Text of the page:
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Low-income Families: Benefits Freeze

Volume 801: debated on Monday 13 January 2020


Asked by

To ask Her Majesty’s Government what assessment they have made of the impact on low-income families of the four-year freeze in working age and children’s benefits.

My Lords, the benefit freeze was designed to put welfare on a sustainable footing, incentivising work and making welfare fairer. We conducted a number of assessments at the time of the Welfare Reform and Work Act in 2016; it was estimated that 30% of households would be affected by the policy, but that no one should take a direct cash loss as a result of the freeze. We have continued to monitor the impact of our policies through publications such as the annual release on households below average income. The latest available stats show that the number of people in absolute poverty in 2017 and 2018 was lower than in 2010. The benefit freeze will come to an end in April 2020, benefiting more than 10 million people.

My Lords, welcome as the end of the freeze—as required by law—is, it will do nothing to restore the significant losses suffered by millions in poverty, which are, on average, nearly £400 this year for families with children. Those losses have contributed to increased homelessness, reliance on food banks, and general poverty and hardship. Will the Minister, who I know cares about such matters, therefore undertake to press on the Chancellor the case for an above-inflation increase as a tangible and immediate way of making good the Prime Minister’s “one nation” election pledges to level up and help those reliant on food banks with the cost of living?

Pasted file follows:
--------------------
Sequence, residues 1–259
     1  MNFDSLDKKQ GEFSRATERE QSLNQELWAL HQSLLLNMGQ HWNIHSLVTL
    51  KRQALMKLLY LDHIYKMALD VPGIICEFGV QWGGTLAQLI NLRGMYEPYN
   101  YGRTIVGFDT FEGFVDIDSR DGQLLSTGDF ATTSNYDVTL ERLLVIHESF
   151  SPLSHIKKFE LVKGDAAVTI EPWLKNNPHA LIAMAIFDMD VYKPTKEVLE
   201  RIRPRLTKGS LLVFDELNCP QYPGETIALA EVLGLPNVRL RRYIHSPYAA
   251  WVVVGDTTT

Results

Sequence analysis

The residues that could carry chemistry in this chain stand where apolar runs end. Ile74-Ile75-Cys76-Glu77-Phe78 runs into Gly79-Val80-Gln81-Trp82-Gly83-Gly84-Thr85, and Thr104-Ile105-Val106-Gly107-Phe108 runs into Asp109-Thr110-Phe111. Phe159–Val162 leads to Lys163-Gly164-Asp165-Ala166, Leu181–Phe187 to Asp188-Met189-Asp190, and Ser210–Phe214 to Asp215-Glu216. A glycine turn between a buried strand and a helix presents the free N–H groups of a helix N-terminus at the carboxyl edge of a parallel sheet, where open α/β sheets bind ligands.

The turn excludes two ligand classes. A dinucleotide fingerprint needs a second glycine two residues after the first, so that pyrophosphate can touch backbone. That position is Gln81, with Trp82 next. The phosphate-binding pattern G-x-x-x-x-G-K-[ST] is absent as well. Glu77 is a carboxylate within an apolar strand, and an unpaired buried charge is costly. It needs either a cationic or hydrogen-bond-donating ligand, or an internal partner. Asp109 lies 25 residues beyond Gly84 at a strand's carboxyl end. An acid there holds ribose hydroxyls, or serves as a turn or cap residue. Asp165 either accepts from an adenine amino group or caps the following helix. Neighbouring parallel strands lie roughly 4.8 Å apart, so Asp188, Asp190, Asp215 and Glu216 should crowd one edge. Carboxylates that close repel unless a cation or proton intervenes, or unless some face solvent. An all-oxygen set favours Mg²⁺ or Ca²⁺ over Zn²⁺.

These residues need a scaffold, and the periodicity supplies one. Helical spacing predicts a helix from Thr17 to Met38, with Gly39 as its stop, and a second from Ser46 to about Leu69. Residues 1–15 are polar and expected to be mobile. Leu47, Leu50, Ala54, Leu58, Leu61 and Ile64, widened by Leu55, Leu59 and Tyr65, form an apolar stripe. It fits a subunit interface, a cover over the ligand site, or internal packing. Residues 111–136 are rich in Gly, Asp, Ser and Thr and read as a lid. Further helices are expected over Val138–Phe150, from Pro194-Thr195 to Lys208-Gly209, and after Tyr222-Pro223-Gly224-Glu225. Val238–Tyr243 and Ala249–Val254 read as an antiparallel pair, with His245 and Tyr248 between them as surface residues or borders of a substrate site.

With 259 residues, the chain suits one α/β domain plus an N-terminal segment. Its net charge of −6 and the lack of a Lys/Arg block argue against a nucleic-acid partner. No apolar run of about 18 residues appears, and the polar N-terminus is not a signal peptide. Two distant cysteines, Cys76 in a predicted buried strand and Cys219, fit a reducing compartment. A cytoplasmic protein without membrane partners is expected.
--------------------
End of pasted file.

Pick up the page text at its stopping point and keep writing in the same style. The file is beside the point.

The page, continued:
I understand the points that the noble Baroness has raised—you cannot argue with them. One of the major contributing factors was that inflation was twice what we thought it was going to be. It is no excuse, but that was it. I am touched that she thinks I can influence the Chancellor; I will have a really good go and keep her posted. My door is open to talk about this further.

My Lords, over a decade ago the Joseph Rowntree Foundation proved that the tax credits approach to child poverty had run out of steam. How are this Government following the evidence on the root causes of child poverty, which include family breakdown?

My noble friend makes a point about tax credits. While I have no doubt that they did a lot of good, some of their ramifications caused difficulty, in that we had an annual rather than a monthly reconciliation, as we are trying to have under universal credit. I believe that the monthly reconciliation under universal credit, while not perfect, is much better than waiting until the end of the year. On child poverty and family breakdown, obviously there are families who have great difficulty fiscally, and we have to try to help them, but the evidence shows that helping parents to move into and remain in work is the best option for moving them out of poverty. We want to see child poverty fall and remain determined to tackle it. My door is open for further discussion on this; I will do anything I can to move things forward.

My Lords, is the Minister aware that in August 2018, two-thirds of those who had benefits cut were single parents? Single parents in the bottom 20% income bracket will have lost 25% of their 2010 income by 2021-22. Ending the benefit freeze will not restore this, and half of the total number in single- parent families are in poverty. Does the noble Baroness agree that children in single-parent families are doubly disadvantaged as a result of government policies? What plans do the Government have to end this glaring injustice and to ensure that these children get a fair deal?